Tax relief on cards? Finance Bill may ring-fence FPIs from 'super-rich tax'

Coming under criticism for the Budget proposal to levy a surcharge on the “super-rich” and its impact on foreign portfolio investors (FPIs), the government will likely ring-fence FPIs from the effects of the tax by tweaking the relevant portion of the Finance Bill.

This means the “super-rich tax” stays, but there will now be provisions in the Bill to ensure FPIs structured as a trust don’t feel the effect of it.

The discussion on the Finance Bill is expected to begin in the Lok Sabha later this week.

According to a rough estimate by accounting firms, about 40 per cent of FPI funds that invest in India are set up in a trust format.

Senior finance ministry officials, including Finance Secretary Subhash Garg, Revenue Secretary Ajay Bhushan Pandey, and Chief Economic Advisor Krishnamurthy Subramanian, have received representations from stakeholders regarding the “super-rich tax” and how it will affect FPIs.

Core policymakers in North Block have spoken to Finance Minister Nirmala Sitharaman on the issues, and there was even a meeting on this on Tuesday, Business Standard has learnt.

This comes even as the Central Board of Direct Taxes (CDT) is looking into the concerns of some big accounting firms such as Ernst & Young and Deloitte, who want the new surcharge to apply to only Indian residents.

The Revenue Department will tweak the Finance Bill because the proposal is related to taxation, officials say.

This will be done before the debate on the Finance Bill begins.

In her Union Budget speech, Sitharaman said: “Those in the highest income brackets, need to contribute more to the nation’s development. I, therefore, propose to enhance surcharge on individuals having taxable income from Rs 2 crore to Rs 5 crore and Rs 5 crore and above so that effective tax rates for these two categories will increase by around 3 per cent and 7 per cent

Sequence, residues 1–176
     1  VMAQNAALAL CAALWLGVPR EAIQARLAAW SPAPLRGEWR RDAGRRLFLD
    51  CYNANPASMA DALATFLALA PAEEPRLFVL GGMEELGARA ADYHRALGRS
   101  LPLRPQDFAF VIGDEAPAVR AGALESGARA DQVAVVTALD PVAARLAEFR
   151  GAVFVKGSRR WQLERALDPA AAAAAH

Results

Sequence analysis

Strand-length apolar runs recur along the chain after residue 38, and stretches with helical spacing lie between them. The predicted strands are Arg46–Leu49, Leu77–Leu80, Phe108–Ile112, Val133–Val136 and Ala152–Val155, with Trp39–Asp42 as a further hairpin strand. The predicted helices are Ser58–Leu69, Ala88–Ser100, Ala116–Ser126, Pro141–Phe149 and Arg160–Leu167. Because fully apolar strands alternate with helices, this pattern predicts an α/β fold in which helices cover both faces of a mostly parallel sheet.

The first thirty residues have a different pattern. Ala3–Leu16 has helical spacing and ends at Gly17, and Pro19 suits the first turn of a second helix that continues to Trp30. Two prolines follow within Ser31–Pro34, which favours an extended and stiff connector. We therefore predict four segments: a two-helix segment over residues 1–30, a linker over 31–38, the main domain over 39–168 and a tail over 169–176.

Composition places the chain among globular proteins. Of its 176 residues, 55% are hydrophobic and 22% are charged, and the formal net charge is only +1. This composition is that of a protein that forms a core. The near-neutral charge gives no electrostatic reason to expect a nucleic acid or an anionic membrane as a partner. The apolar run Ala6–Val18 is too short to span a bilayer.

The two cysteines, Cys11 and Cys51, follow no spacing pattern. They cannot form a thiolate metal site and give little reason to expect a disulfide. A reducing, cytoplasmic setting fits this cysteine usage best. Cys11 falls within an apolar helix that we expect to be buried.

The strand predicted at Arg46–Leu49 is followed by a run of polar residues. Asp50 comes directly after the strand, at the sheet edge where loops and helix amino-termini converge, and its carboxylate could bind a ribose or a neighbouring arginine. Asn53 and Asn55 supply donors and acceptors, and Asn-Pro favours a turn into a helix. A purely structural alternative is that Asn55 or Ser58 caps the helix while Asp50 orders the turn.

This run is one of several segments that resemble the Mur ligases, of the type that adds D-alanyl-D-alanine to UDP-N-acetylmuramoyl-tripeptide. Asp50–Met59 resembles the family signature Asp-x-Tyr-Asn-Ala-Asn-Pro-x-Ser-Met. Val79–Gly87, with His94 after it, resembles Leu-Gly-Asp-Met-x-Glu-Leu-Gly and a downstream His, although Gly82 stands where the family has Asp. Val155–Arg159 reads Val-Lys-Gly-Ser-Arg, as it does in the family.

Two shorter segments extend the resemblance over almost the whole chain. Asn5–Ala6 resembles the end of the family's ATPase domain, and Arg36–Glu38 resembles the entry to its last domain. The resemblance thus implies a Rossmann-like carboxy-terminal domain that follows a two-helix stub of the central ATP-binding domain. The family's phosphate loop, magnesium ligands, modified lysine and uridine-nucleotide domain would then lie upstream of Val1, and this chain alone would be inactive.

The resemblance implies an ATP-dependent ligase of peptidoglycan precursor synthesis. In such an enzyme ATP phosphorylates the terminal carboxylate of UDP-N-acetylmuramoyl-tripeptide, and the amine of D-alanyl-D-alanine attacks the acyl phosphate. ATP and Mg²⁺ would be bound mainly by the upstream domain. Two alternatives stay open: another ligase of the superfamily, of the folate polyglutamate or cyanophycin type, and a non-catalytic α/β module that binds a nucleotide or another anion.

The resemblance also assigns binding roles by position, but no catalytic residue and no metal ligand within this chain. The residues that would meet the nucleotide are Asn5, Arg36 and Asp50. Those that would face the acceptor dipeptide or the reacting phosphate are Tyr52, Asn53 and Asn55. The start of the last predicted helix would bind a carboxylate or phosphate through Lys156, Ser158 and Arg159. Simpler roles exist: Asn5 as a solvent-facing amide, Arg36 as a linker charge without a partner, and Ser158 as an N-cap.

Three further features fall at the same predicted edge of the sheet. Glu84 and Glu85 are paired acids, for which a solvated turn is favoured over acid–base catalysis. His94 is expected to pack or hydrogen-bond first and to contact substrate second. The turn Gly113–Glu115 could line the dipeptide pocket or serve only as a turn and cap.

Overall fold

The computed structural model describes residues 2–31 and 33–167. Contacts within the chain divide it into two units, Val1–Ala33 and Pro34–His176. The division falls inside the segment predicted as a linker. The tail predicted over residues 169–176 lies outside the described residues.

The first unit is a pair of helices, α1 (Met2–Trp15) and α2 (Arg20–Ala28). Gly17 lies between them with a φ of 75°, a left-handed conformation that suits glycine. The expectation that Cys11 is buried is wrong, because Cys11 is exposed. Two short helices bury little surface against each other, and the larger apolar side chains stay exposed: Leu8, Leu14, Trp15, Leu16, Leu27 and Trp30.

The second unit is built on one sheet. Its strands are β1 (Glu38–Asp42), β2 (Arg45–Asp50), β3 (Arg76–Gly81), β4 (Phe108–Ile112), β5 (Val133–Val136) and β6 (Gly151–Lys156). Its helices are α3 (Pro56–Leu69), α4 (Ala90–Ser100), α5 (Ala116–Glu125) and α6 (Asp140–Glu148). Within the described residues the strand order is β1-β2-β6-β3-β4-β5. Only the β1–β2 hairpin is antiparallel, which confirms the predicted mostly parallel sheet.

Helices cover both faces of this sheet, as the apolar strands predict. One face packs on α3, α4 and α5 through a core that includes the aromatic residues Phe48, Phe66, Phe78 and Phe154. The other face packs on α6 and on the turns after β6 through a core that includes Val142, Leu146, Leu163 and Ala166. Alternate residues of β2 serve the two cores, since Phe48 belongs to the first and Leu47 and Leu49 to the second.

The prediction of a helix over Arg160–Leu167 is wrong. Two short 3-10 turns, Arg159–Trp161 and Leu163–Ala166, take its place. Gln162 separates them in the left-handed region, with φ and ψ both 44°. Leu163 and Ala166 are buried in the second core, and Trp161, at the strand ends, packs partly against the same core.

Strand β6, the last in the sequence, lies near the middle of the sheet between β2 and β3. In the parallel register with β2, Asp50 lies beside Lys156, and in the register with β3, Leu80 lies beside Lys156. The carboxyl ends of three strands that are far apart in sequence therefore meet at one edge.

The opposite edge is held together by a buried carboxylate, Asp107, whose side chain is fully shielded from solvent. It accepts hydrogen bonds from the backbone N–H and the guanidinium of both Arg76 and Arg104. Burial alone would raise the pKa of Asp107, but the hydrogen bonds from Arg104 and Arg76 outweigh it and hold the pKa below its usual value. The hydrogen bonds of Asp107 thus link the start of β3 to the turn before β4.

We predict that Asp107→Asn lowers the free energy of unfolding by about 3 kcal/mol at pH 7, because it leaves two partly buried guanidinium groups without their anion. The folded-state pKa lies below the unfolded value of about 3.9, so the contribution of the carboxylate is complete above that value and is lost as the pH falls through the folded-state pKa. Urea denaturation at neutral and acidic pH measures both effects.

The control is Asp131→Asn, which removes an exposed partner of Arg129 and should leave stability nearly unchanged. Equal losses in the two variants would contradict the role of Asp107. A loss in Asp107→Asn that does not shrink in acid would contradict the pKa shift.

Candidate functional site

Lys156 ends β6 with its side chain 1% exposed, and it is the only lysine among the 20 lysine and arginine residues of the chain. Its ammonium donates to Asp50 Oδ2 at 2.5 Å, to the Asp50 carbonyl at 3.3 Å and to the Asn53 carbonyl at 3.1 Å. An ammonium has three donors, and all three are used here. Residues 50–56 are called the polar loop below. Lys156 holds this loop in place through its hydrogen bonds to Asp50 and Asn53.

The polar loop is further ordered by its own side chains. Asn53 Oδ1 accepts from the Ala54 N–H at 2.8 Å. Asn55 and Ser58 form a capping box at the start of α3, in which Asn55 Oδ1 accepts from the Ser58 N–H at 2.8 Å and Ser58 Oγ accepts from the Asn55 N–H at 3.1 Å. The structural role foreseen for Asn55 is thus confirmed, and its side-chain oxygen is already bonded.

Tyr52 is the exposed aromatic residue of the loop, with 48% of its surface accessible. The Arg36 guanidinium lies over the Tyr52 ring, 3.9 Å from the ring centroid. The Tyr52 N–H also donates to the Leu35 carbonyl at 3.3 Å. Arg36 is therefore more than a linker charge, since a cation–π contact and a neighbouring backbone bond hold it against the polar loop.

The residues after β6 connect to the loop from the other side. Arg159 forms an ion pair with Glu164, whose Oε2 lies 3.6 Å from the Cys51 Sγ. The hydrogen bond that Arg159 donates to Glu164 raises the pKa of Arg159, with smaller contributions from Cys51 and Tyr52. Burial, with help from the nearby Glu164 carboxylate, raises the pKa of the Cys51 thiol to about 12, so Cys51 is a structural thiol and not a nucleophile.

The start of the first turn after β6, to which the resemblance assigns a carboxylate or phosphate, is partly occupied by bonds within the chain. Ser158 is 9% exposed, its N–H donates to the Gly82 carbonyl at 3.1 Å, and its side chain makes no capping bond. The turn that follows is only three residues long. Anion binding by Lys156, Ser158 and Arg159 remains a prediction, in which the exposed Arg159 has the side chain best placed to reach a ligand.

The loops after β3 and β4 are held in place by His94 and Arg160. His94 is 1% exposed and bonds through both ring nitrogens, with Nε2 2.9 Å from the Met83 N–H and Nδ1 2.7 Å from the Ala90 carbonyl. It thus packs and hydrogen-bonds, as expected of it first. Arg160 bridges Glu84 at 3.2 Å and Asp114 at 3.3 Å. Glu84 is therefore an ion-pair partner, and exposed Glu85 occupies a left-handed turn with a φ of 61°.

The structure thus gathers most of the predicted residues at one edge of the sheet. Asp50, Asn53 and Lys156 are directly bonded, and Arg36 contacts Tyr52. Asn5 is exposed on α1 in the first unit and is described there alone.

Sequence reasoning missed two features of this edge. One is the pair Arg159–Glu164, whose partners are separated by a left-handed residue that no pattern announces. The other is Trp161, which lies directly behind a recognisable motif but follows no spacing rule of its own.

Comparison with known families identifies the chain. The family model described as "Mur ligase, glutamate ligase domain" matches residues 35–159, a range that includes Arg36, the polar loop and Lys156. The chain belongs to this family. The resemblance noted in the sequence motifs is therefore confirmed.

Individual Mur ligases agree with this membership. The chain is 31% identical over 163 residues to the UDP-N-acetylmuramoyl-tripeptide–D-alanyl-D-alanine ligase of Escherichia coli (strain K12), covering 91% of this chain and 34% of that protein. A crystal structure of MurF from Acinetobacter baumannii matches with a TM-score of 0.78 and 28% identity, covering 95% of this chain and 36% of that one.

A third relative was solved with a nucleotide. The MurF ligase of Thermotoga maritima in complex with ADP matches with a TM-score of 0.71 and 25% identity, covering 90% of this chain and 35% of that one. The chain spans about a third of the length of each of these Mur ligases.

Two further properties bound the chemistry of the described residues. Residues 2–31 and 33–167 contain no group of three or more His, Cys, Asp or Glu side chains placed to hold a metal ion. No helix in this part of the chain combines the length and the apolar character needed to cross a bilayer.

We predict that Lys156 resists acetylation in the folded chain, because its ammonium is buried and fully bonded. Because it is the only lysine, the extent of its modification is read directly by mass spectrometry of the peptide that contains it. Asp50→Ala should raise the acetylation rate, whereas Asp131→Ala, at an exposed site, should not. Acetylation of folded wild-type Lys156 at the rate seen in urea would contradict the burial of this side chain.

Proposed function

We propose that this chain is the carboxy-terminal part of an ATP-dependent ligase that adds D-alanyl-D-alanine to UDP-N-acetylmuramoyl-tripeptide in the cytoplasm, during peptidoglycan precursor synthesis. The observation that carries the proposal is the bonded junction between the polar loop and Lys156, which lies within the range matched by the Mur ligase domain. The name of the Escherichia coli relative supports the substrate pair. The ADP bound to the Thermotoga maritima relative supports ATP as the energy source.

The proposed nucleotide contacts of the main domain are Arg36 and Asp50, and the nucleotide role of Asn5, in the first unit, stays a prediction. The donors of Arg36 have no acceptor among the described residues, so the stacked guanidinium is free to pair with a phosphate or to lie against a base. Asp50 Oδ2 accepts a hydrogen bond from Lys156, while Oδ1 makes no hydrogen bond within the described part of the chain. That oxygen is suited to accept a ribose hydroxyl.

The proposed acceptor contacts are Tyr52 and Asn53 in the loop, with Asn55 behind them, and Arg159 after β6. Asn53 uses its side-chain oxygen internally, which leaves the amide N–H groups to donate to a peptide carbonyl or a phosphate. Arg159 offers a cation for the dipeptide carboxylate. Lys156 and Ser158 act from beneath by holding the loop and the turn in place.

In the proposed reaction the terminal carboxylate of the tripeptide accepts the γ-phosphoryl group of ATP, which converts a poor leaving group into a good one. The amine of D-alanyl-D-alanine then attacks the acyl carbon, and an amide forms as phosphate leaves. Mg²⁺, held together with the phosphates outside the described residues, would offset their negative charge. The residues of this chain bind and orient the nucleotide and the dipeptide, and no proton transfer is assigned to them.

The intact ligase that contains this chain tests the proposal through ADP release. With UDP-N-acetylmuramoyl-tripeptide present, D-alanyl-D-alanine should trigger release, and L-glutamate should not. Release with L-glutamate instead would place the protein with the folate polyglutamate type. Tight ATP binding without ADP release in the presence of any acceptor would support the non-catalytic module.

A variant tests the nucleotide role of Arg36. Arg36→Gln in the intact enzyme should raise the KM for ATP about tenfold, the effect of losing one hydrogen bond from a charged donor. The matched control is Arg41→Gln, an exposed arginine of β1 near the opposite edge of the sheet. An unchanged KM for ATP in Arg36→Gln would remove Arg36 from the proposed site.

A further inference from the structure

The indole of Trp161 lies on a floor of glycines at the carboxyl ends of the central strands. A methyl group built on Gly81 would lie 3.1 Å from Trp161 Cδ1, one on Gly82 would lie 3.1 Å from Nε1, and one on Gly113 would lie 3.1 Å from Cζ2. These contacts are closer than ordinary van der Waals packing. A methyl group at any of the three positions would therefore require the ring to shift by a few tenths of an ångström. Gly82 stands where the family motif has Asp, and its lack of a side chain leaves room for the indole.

In a representation to the CBDT, accounting firms said that the surcharge would lead to an unintended consequence for certain categories of taxpayers and that had the potential to “disrupt and distort” the capital markets. 

“We urge you to seriously consider the impact of increased surcharge on the Indian capital markets and the reputation of India as a stable tax jurisdiction,” said Sudhir Kapadia, partner and National Tax Leader, EY in the presentation to the CBDT.

Further, EY claimed that the proposed surcharge would also impact alternative investment funds, especially Category III AIFs. Citing the lack of clarity on taxation in this segment, EY said that Category III AIFs are stepping stone in India for providing globally renowned innovative investment products for investors. The capital commitments raised by such AIFs as on March 31 was about Rs 43,250 crore. 

Meanwhile, Deloitte recommended that who are already registered with the Securities and Exchange Board of India (Sebi) can be easily exempted and that all FPIs be treated consistently for Indian tax purposes so that they all be subject to corporate rates of surcharge.

“Sebi has a process for Know Your Company (KYC) and approval of such trusts. Consequently, there is a good case to exempt such registered trusts from the new additional surcharge,” said Rohinton Sidhwa, tax partner, Deloitte.

These firms also explained the rationale of having the trust format structure and how it gets impacted by the new surcharge. They said it will result in increase in effective rate of capital gains on the FPIs.

Tax debate

| Audit firms demand all FPIs be treated consistently
| In the US and the UK, funds can choose to set up either as a corporate or trust
| In both cases, they are treated as corporate for taxation, irrespective of their legal status
| Currently, FPIs struggle to choose their classification for tax purposes in India
| Conversion to corporation from trust may involve transfer of assets